The shadows are lengthening for me and for my fellow Vietnam Veterans. Agent Orange probably saved a lot of lives in the short term, but it turned out to be a time bomb, and many of us are already within its radius. We will soon be on the front line following our brothers from World War II and Korea. I still remember as a young boy living in Brooklyn and Staten Island the parades that included World War I veterans. The last American fighting man from that war died in February 2011.
I think I speak for all veterans in saying that wearing the uniform of this country was the greatest of honors. It is perhaps the largest fraternity in the world. It was not always popular to be a service member, and Vietnam Veterans know this better than any group that has ever gone to war. To this day I appreciate and thank Ronald Reagan for restoring the respect and honor of Vietnam Veterans in his speech dedicating the most recent addition to the Tomb of the Unknown Soldier.
Sadly, we live in a very divisive time. It perhaps is even more divisive than when the Vietnam War and parallel civil rights movement occurred. One of the big differences, though, was we didn’t have social media, which has proven to be an outlet for false rumors, misinformation, disinformation, outright lies, and a vehicle for our foreign enemies to further divide this country. The immediacy of being able to post anything has also contributed to this division. Few take the time or effort try and verify or debunk anything that should have the ring of being false.
Recently, the New York Times reported a story about a marine unit that served together in Iraq. After they were discharged they formed a social network to support each other during personal hardships. Their shared experiences, which few on the outside could relate to, helped them to lean on each other in their darkest hours.
This would not have been a story if over the past four years political differences had not been injected into the mix. Friendships have been broken, and the common bond of having served together in combat, having protected and having each other’s backs, no longer is the glue that holds them together.
I am reminded of the words of Supreme Court Justice Robert Jackson who in 1943---the height of World War II---wrote in a controversial speech case that, “Compulsory unification of opinion achieves only the unanimity of the graveyard.” One of the things that makes America exceptional is that while we hold different opinions, we remain united as Americans. If that changes we will have become an America our forebears won’t recognize.
Veterans took an oath to support and defend the Constitution. The oath reflects the importance of this document and why veterans are charged with preserving it. The oath is not to any person. No one is above the Constitution or any law.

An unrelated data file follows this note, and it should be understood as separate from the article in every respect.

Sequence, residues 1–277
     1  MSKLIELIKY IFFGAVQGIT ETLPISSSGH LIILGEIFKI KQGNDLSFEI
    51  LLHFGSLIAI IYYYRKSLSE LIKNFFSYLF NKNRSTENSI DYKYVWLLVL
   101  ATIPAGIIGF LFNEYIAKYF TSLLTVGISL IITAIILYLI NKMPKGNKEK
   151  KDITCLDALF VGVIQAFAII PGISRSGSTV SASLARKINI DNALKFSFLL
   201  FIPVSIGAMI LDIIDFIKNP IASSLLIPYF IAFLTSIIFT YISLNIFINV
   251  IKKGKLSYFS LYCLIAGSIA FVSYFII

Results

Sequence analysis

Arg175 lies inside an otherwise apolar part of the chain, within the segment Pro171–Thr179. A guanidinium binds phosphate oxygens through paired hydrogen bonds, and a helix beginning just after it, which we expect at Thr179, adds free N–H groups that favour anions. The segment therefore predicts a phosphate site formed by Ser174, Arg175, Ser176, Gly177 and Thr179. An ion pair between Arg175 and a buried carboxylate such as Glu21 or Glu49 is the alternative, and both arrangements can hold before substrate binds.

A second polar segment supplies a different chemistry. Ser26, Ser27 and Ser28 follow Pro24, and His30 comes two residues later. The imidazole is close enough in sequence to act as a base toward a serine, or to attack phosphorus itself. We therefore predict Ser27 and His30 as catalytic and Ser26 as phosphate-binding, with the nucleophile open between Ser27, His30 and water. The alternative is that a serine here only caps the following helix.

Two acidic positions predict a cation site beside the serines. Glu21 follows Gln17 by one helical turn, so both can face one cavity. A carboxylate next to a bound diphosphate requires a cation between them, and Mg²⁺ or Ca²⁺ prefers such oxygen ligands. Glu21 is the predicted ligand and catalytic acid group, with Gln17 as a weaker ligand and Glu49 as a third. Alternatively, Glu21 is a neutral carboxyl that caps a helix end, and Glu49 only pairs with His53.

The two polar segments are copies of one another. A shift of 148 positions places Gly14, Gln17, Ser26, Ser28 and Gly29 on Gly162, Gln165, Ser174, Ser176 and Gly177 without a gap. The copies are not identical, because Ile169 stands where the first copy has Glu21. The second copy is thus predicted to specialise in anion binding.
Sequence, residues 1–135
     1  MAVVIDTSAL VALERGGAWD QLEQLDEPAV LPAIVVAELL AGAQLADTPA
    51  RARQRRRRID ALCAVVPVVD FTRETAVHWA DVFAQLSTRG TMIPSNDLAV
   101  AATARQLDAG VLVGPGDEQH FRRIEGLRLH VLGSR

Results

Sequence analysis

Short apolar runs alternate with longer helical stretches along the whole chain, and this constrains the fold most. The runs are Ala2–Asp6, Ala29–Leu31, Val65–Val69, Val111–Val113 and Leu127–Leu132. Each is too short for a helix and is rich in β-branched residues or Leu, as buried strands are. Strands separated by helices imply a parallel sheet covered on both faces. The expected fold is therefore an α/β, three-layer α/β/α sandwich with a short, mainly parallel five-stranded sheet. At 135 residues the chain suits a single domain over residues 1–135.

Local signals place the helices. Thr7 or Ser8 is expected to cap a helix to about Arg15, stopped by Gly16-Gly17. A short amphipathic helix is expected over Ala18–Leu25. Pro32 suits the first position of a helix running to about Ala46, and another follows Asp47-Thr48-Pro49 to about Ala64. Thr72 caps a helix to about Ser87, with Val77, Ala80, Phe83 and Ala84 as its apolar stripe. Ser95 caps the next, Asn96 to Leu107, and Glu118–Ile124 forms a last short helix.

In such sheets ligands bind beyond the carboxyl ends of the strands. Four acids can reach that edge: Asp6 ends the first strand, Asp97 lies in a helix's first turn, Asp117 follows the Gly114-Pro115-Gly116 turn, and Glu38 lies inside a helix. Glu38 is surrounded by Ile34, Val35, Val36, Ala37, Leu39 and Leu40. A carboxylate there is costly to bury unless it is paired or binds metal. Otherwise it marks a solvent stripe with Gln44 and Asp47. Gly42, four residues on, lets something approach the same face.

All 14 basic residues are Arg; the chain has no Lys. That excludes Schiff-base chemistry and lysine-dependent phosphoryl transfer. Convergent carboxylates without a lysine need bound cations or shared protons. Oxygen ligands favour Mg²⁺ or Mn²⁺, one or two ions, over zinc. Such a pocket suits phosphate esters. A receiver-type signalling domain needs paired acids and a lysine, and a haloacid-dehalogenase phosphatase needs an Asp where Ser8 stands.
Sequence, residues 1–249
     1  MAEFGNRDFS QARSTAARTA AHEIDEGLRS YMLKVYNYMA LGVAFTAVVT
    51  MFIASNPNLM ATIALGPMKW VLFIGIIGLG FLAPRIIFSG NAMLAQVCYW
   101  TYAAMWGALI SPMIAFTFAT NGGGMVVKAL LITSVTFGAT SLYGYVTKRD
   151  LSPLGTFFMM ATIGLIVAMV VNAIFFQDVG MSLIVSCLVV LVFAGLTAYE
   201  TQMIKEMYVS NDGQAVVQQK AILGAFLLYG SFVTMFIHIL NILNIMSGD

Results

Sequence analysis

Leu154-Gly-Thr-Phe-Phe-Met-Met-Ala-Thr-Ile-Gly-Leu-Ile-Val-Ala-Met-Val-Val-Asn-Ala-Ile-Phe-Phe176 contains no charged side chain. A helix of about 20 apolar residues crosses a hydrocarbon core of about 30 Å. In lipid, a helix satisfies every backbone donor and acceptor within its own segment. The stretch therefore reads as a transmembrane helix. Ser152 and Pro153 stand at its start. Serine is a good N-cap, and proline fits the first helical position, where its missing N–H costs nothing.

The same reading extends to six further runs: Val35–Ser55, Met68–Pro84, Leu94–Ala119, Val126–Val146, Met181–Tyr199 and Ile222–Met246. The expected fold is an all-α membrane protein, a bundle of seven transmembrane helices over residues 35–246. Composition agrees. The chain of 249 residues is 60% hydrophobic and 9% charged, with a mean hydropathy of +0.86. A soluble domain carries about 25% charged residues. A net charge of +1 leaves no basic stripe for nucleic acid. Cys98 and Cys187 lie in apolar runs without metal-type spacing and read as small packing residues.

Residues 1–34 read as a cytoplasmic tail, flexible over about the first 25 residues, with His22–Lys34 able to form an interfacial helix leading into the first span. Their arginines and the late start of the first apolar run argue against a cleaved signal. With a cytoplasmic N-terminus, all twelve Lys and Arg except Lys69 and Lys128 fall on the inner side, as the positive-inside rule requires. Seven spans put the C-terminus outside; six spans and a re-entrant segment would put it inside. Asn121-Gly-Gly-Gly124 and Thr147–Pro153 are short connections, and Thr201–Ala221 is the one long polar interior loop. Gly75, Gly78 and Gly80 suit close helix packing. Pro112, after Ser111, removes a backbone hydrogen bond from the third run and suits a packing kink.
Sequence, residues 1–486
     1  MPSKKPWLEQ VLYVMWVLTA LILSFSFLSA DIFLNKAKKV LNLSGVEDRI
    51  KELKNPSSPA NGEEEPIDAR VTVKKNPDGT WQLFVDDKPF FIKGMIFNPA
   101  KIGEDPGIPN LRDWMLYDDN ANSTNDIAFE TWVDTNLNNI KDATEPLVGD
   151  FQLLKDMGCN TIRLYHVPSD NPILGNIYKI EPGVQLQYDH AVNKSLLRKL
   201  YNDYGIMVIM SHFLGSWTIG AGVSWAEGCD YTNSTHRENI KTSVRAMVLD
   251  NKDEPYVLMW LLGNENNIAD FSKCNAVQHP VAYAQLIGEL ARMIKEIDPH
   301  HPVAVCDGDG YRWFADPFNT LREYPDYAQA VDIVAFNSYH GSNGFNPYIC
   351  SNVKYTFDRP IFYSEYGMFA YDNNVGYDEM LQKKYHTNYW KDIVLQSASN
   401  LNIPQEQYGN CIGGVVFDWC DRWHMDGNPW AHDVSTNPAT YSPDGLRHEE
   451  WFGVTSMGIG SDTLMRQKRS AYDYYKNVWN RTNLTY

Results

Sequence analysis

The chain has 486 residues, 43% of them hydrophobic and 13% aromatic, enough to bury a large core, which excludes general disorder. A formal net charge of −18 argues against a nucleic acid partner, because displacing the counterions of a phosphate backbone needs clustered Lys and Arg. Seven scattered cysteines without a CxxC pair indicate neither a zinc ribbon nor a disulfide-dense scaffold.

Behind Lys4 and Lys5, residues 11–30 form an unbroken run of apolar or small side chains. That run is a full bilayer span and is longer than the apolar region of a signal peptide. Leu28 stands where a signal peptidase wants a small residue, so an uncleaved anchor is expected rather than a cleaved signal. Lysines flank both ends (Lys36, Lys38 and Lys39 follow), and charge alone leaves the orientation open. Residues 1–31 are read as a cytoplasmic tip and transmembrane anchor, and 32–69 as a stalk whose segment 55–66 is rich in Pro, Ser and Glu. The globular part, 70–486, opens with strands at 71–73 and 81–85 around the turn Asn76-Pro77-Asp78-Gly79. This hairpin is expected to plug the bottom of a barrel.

I have said many times, and will likely say many more times, that Arlington and other national cemeteries are the final resting places of countless veterans of different political parties, different races, different religions, different ethnicities, and different regions of the country. This is another example of American exceptionalism.
Service in the U.S. Navy shaped my life. I was honored to meet and serve with some great men, too many to name, but a few deserve mention. With two exceptions, we all served on Swift Boats operating on the coast and rivers of Vietnam: Kenny Cozart, Mike Gann, Rock Harmon, John O’Neill, and Bob Scattergood. Charles (Sandy) Prouty was a SEAL who I served with on the USS SPRINGFIELD and Vietnam. Joe Mahar is another great sailor I had the privilege of serving with on the SPRINGFIELD. (Cozart and I were also fellow officers on the SPRINGFIELD.) These are the people I would want to go to war with again; our political and other differences are irrelevant.
Two of the greatest leaders I ever knew were the commanding officer of the SPRINGFIELD, Lando Zech, and his executive officer, Warren C. Hamm. Zech was a WW II veteran who served on submarines and retired as a vice admiral. Hamm retired as a rear admiral following a very distinguished career. No two men had a more powerful influence on me, and if the war tocsin sounded again, they would be the ones to lead us to victory. I would gladly follow them into the depths of hell.
President George Washington said about veterans far better than I could, words we should all heed, "The willingness with which our young people are likely to serve in any war, no matter how justified, shall be directly proportional to how they perceive the Veterans of earlier wars were treated and appreciated by their nation."